The six-week period in the holiday season at the end of the year propels many retailers to profitability. However, it’s also a very popular time for cybercriminals to gain access to both point-of-sale (POS) systems as well as individual user accounts. The result is a greater chance of account compromise and data breaches than at any other time of the year.
And breaches are occurring at rates not seen before. According to TransUnion, more than 25% of all Cyber Monday transactions were fraudulent in 2020. That’s some serious criminal activity. Black Friday was not far behind with 12.02% of transactions suspected of fraud. ‘Tis the season as they say…
Protecting Customer Data
Customer data is incredibly valuable to retail establishments. Chains and individual stores use customer data for target marketing and to keep track of their purchases. Retailers can suggest additional items based on an aggregation of purchases others have made, or similarities to what someone has already bought.
But this data is also valuable to attackers. They are able to use customer data to impersonate legitimate buyers, using their personal data and credit card information. While initial purchases are often small-value items, attackers can use them as a steppingstone to make increasingly larger fraudulent purchases.
And attackers may find it more immediately profitable to sell accounts and account access. Selling thousands of hacked accounts to others may end up being more immediately profitable than breaking into individual accounts. So while your account may be compromised, you may not know about it for several months, until it is used by third parties.
Fraud and account hacking continue to be a serious problem. Attackers break into accounts using known usernames and guessing at passwords, or compromising accounts in other ways. They may create a false account, using information from customers at other retail locations or harvested off of the dark web.
Segment the Network
Probably the most basic thing that retailers can do is to segment their network based on the purpose and data. Customer data should not be accessible on the same network as corporate data, for example. If it requires separate networks, or hard stops between network segments, it is worth it to prevent enterprise-wide breaches. If an attacker is able to breach the network, it should only be a part of that network.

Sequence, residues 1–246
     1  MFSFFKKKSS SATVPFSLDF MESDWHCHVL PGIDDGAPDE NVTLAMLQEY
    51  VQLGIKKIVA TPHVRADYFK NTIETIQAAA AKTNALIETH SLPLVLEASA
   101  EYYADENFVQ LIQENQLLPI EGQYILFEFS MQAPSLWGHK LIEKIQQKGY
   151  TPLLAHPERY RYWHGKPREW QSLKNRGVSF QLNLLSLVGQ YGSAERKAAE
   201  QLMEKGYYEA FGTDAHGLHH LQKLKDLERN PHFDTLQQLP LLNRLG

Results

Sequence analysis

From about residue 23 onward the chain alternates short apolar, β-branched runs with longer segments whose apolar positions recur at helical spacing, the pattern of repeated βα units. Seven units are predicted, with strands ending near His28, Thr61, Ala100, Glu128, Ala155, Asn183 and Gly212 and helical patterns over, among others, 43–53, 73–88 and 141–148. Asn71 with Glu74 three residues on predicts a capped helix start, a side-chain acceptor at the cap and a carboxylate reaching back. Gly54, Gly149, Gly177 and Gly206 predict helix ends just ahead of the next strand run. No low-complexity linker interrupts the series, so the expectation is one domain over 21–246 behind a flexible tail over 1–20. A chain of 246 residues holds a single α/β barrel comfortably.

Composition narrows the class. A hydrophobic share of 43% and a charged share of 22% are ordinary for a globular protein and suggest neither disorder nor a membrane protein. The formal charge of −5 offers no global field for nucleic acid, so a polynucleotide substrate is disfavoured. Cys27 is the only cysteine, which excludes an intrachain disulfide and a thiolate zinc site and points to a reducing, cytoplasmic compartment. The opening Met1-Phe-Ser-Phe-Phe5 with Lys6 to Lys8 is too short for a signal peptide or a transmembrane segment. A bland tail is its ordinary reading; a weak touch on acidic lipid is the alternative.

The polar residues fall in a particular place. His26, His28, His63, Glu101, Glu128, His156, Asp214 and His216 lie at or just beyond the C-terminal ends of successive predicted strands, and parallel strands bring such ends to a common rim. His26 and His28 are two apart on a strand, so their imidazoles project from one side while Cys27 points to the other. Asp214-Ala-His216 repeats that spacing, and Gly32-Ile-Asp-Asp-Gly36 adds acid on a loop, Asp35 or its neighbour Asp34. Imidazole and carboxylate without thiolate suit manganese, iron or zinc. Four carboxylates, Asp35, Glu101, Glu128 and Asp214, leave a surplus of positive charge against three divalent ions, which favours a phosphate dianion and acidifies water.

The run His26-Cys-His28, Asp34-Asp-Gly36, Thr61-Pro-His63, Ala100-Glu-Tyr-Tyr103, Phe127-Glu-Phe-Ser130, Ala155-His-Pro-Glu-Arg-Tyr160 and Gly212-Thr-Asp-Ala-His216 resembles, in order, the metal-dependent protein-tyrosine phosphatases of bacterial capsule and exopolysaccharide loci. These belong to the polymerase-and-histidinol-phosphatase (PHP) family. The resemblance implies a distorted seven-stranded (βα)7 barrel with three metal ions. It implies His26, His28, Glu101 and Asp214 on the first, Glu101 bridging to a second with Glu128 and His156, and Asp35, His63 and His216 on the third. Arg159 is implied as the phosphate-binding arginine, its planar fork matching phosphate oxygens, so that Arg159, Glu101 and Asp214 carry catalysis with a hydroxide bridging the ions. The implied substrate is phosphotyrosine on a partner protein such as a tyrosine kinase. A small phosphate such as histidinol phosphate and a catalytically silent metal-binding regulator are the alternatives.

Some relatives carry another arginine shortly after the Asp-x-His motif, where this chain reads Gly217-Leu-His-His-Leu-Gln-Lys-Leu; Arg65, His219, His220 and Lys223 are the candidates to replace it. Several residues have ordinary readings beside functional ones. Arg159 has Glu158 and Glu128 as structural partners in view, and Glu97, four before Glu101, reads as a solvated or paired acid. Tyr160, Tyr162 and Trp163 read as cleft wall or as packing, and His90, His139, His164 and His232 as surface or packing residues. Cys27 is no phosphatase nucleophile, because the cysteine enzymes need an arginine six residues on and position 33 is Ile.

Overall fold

Another important point is to not use the standard username and password with databases. Most organizations use administrative credentials for general purpose database access, making it possible for attackers to gain full access to databases. Retailers should use limited credentials on customer and inventory databases to prevent attackers from getting administrative database access.
Monitor the Network and Applications
Retail enterprises should be monitoring their networks to look for unusual activities, either by customers or by attackers. Analytics can be a big help here. If a given customer spends significantly more than usual, or makes a purchase from an unusual location, analytics can help determine a risk score for that activity. Given a high enough risk score, SOC analysts can largely eliminate false positive results by focusing on the most risky user activities.
Machine learning (ML) models are also useful in catching rare or unusual actions that might be indicative of suspicion. These models process log and other network and application data in real time, so that they can “learn” what is normal and abnormal. They can alert SOC analysts to unusual events, use risk analytics to assess the seriousness of the problem, and begin automatic remediation.
A Combined Effort to Retail Cybersecurity
Make no mistake; attackers seek to make money off of their efforts, either through outright theft or by ordering goods they have no attention of paying for. Once they are in the retail network, they typically can access anything in that network, either through social engineering or permissions elevation. Unpatched software can lead to direct security holes that are often easily exploited, so prompt patching is a necessary part of the cybersecurity equation.
Customers also have a responsibility to examine their accounts periodically to make sure there is no unexpected purchases or other activities. Customers have to report those activities to retailers to help do their part to combat breaches and theft. Customers and retailers working together can be highly effective in combating theft.
What Gurucul Can Do
Gurucul can help retail establishments through risk-based analytics and User and Entity Behavior Analytics (UEBA). UEBA can be useful with not only customers and external threats, but also with internal threats from employees and others with legitimate access, identifying unusual logins, locations, and wandering activities.
Gurucul also has ML models that can help identify retail activities that are out of the ordinary, and initiate remedial actions. This is an important approach to retail cybersecurity, where activities tend to change based not only on time of year, but also day of the week.
Retail remains a large and growing target for cybercriminals and others with illegitimate purposes. These is no one single silver bullet to address retail breaches and theft; they require a concerted effort by IT staff, SOC analysts, legitimate internal users, and customers. But a key aspect of any effort is automation, using analytics, ML, and remediation to assist in the effort.
The post How Retailers Can Secure Themselves for the Holiday Rush appeared first on Gurucul.
*** This is a Security Bloggers Network syndicated blog from Blog – Gurucul authored by Peter Varhol. Read the original post at: https://gurucul.com/blog/how-retailers-can-secure-themselves-for-the-holiday-rush